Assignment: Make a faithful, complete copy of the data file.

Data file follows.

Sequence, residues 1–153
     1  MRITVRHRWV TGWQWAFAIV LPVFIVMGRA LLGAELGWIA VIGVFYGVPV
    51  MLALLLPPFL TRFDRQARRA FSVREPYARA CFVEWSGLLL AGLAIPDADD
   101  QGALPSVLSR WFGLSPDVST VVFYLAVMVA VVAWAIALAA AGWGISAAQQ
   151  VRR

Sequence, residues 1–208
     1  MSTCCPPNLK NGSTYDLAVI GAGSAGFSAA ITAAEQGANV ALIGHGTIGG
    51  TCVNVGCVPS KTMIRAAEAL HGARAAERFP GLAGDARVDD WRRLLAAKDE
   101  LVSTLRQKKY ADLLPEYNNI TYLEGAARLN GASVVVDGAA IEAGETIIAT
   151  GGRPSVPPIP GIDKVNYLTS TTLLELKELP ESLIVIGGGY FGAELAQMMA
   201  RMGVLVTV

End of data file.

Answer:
Sequence, residues 1–153
     1  MRITVRHRWV TGWQWAFAIV LPVFIVMGRA LLGAELGWIA VIGVFYGVPV
    51  MLALLLPPFL TRFDRQARRA FSVREPYARA CFVEWSGLLL AGLAIPDADD
   101  QGALPSVLSR WFGLSPDVST VVFYLAVMVA VVAWAIALAA AGWGISAAQQ
   151  VRR

Sequence, residues 1–208
     1  MSTCCPPNLK NGSTYDLAVI GAGSAGFSAA ITAAEQGANV ALIGHGTIGG
    51  TCVNVGCVPS KTMIRAAEAL HGARAAERFP GLAGDARVDD WRRLLAAKDE
   101  LVSTLRQKKY ADLLPEYNNI TYLEGAARLN GASVVVDGAA IEAGETIIAT
   151  GGRPSVPPIP GIDKVNYLTS TTLLELKELP ESLIVIGGGY FGAELAQMMA
   201  RMGVLVTV